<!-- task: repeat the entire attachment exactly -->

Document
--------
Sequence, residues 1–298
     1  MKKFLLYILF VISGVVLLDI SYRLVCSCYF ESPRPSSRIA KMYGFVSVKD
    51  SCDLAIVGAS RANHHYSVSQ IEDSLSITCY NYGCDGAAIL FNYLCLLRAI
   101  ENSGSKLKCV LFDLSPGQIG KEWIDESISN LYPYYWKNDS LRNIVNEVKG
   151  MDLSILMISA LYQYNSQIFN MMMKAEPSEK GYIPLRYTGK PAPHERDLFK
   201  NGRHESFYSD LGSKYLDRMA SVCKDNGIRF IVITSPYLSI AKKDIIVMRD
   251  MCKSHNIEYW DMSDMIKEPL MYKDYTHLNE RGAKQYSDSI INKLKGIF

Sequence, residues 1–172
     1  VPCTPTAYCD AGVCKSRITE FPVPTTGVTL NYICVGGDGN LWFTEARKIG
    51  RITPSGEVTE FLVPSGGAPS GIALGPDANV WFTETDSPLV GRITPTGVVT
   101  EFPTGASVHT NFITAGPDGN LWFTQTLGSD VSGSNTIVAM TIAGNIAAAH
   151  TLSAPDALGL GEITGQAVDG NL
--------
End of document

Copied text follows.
Sequence, residues 1–298
     1  MKKFLLYILF VISGVVLLDI SYRLVCSCYF ESPRPSSRIA KMYGFVSVKD
    51  SCDLAIVGAS RANHHYSVSQ IEDSLSITCY NYGCDGAAIL FNYLCLLRAI
   101  ENSGSKLKCV LFDLSPGQIG KEWIDESISN LYPYYWKNDS LRNIVNEVKG
   151  MDLSILMISA LYQYNSQIFN MMMKAEPSEK GYIPLRYTGK PAPHERDLFK
   201  NGRHESFYSD LGSKYLDRMA SVCKDNGIRF IVITSPYLSI AKKDIIVMRD
   251  MCKSHNIEYW DMSDMIKEPL MYKDYTHLNE RGAKQYSDSI INKLKGIF

Sequence, residues 1–172
     1  VPCTPTAYCD AGVCKSRITE FPVPTTGVTL NYICVGGDGN LWFTEARKIG
    51  RITPSGEVTE FLVPSGGAPS GIALGPDANV WFTETDSPLV GRITPTGVVT
   101  EFPTGASVHT NFITAGPDGN LWFTQTLGSD VSGSNTIVAM TIAGNIAAAH
   151  TLSAPDALGL GEITGQAVDG NL